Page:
Minister of local government Nanaia Mahuta said that the new report continues to build a picture of looming potential costs as the government seeks to ensure safe drinking water and better environmental performance of the country’s wastewater infrastructure.
The report by GHD and Boffa Miskell, Cost estimates for upgrading wastewater treatment plants to meet objectives of the NPS Freshwater, has been released today as part of the larger Three Waters Review.
The estimated NZ$2bn price-tag does not include the costs of upgrading infrastructure for discharging to beaches and coastal environments, added Mahuta. Nor does it cover the unknown but potentially even higher costs of preventing wastewater pollution on beaches and in urban environments through stormwater overflows.
“We already know that the cost of infrastructure upgrades to meet drinking water standards is in the region of $500 million,” she added. “When you put all this together with other factors such as increasing tourism numbers and protecting our clean green image, the infrastructure requirements associated with population growth, changing consumer expectations, climate change and the need to build in resilience against natural disasters, it suggests a significant funding challenge ahead for councils and communities.”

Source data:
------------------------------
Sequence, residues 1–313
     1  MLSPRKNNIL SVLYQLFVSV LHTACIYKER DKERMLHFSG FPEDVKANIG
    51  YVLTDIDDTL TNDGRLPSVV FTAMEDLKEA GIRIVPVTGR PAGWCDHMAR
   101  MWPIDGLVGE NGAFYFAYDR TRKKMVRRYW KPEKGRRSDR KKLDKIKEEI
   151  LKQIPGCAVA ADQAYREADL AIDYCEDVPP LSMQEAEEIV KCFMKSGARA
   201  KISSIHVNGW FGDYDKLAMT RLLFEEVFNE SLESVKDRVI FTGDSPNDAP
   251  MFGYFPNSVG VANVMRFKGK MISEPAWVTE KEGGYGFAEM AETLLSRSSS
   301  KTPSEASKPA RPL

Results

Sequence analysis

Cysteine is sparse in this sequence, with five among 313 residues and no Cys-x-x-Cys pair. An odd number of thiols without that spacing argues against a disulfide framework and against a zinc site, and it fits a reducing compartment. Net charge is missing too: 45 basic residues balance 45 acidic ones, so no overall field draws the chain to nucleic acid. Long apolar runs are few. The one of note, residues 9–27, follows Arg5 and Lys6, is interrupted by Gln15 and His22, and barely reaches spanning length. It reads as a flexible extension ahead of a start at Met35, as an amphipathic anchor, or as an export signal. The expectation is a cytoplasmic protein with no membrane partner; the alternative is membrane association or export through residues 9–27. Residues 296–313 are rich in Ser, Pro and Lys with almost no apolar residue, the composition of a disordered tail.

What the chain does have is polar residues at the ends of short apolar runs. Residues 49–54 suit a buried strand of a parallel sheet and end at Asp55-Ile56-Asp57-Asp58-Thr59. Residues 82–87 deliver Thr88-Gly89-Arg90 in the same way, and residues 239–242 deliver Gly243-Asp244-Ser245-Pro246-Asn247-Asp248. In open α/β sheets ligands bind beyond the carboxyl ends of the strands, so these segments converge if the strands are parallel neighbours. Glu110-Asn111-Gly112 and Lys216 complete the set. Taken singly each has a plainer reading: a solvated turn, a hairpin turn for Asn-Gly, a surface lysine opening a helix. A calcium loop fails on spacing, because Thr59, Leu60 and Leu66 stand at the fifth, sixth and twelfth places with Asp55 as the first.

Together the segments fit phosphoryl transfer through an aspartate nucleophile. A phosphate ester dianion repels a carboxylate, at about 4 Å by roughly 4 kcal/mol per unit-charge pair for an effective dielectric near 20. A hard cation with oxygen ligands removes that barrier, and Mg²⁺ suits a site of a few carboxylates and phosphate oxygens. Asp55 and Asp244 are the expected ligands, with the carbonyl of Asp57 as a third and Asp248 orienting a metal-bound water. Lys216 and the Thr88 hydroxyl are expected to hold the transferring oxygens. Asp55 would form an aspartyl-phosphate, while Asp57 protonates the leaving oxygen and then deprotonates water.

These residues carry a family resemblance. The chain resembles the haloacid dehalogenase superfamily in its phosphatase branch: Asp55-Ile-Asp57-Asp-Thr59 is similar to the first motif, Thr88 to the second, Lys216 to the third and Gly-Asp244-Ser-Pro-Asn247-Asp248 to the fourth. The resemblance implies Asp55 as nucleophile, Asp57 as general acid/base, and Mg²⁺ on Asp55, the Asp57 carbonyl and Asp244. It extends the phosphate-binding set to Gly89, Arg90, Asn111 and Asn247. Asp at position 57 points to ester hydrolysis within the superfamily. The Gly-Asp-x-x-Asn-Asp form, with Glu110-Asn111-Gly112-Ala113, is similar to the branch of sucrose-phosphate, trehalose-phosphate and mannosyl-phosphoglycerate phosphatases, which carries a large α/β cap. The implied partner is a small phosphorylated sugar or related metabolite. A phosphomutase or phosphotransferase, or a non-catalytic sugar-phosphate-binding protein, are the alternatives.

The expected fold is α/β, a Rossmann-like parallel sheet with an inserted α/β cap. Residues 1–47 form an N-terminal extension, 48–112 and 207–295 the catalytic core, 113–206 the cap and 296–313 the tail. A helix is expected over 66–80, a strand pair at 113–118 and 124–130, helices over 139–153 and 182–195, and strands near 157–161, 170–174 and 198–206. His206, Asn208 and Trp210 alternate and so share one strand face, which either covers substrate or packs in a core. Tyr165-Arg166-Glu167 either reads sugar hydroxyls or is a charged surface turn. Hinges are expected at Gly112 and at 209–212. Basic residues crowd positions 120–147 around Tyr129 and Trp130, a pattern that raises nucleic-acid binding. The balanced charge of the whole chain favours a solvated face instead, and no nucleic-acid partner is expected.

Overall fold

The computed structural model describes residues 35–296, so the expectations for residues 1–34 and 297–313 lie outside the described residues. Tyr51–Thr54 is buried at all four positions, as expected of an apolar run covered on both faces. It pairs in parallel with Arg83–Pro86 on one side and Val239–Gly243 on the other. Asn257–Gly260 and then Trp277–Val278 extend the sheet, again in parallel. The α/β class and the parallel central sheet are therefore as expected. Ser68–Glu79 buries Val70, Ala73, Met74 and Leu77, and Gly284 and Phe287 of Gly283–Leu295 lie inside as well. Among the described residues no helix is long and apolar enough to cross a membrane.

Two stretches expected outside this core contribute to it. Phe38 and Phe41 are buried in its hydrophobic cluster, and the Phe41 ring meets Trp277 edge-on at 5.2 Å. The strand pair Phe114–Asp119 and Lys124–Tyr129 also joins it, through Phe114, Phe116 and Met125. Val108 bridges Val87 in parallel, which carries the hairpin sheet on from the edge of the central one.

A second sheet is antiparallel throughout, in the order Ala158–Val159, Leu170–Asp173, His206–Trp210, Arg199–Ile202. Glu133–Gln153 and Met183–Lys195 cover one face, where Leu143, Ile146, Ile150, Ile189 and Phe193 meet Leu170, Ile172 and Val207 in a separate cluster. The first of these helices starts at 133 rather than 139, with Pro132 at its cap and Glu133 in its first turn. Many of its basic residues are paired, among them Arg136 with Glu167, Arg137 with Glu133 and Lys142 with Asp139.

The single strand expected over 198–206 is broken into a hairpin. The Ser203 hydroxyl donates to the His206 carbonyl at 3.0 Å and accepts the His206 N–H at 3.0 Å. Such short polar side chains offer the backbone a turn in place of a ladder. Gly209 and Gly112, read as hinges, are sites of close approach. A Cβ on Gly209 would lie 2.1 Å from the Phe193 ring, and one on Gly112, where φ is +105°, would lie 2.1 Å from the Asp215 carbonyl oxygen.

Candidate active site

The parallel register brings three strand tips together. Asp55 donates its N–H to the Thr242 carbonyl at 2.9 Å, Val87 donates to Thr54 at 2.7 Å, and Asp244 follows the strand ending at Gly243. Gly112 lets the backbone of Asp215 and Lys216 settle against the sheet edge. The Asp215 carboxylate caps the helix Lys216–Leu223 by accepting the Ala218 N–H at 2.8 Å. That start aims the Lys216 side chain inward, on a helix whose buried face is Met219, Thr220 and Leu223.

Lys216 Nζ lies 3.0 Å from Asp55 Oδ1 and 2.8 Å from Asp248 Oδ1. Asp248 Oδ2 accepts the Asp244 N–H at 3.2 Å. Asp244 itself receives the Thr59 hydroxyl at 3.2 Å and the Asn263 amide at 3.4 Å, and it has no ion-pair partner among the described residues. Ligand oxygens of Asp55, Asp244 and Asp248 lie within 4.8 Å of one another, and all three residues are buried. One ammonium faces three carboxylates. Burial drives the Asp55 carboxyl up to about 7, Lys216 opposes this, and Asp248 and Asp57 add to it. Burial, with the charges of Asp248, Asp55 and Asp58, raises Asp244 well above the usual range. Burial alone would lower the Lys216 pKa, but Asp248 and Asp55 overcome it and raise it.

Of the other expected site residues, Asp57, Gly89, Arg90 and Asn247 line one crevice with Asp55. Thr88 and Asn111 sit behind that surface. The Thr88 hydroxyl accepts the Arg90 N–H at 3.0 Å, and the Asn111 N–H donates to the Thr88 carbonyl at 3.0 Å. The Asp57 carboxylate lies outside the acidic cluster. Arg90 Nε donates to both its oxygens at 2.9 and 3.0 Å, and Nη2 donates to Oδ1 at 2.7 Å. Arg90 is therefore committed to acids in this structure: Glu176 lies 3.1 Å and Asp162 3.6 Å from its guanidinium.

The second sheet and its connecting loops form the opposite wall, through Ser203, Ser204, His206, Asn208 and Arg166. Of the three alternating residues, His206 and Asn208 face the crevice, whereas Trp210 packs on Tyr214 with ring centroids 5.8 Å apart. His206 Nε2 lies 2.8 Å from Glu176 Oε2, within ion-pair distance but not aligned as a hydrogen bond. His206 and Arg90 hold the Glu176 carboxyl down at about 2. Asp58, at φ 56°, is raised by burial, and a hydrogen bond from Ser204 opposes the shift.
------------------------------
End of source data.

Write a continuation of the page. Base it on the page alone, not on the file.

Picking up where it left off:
Work on the Three Waters Review is complex and far-reaching but is progressing well, she said. “I think there is a good level of agreement across the local government sector on the need to address drinking water safety with a new regulatory regime, as recommended by the Havelock North Drinking Water Inquiry.
“We are also working hard on how we can improve environmental performance and having discussions with the sector and other interested parties. Upgrading wastewater treatment plants are part of this and the GHD-Boffa Miskell report provides some of the data required to help to inform that conversation. There are more gaps to fill in, but it adds to the picture of mounting costs,” said Mahuta.